RFA releases report, annual industry outlook during NEC

By Holly Jessen | February 12, 2013

The ethanol industry faced major challenges in 2012, while producing an estimated 13.3 billion gallons of ethanol, employing more than 383,000 people directly and indirectly as well as contributing $43.4 billion to the U.S. gross domestic product.

The information was contained in a 10-page report conducted by Cardno-Entrix, commissioned by the Renewable Fuels Association.  RFA released the report as well as its annual industry outlook and pocket guide, which contain information from the report and other sources, during the National Ethanol Conference, held Feb. 4 to 7 in Las Vegas.

“This past year, our nation’s ethanol industry has demonstrated its efficiency and resilience during one of the worst droughts in half a century,” RFA President and CEO Bob Dinneen. “Despite the weather and declining gasoline consumption, our domestic, homegrown industry kept up production, continued to improve the environment and helped reduce our dependence on foreign oil.”

The report contained some key numbers about the ethanol industry:

* 87,292 direct jobs were created

* 295,969 indirect and induced jobs were supported

* $30.2 billion in household income

* 465 million fewer barrels of imported oil needed, thanks to ethanol

* $7.9 billion paid in taxes on the federal, state and local level.

John Urbanchuk, technical director for environmental economics, prepared the report, which was titled, “Contributions of the ethanol industry to the economy of the United States.” He pointed to significant challenges the industry will face in 2013, including the effects of the drought, which as continued into the winter. “However, normal moisture in the spring and a return to more normal yields accompanied with large spring plantings would result in a large harvest and would put downward pressure on commodity prices—and feedstock costs,” he wrote in the report, adding that corn supplies would remain tight until harvest is completed.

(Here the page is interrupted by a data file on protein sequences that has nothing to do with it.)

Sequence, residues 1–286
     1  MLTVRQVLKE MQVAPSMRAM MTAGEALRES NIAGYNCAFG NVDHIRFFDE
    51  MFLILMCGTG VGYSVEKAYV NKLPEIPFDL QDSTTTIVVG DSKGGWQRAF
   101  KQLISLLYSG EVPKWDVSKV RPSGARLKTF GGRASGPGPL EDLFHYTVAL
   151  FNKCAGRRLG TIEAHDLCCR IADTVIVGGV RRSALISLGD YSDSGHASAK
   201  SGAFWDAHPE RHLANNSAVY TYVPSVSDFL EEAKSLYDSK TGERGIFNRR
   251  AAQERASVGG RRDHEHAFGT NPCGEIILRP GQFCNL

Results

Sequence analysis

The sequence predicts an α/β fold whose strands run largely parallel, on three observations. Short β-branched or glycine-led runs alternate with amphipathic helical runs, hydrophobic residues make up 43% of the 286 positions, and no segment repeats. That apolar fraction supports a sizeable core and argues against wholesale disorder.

Other challenges include the economy, future petroleum prices, declines in gasoline consumption and policy uncertainty. And, although the U.S. EPA approved E15 for more automobiles, implementation has been slow. “Despite a challenging year in 2012, the ethanol industry continues to make a significant contribution to the economy in terms of job creation, generation of tax revenue, and displacement of imported crude oil,” he said in the report. “The importance of the ethanol industry to agriculture and rural economies is particularly notable. Continued growth and expansion of the ethanol industry into new technologies and feedstocks will enhance the industry’s position as the original creator of green jobs and will enable America to make further strides toward independence from imported fossil fuels.”

RFA’s industry outlook is a 30-page publication that pulls together important statistics about the ethanol industry, ranging from distillers grains, greenhouse gas emissions and the advanced biofuel industry. The pocket guide to ethanol is a smaller, easy to carry format in its third year of publication.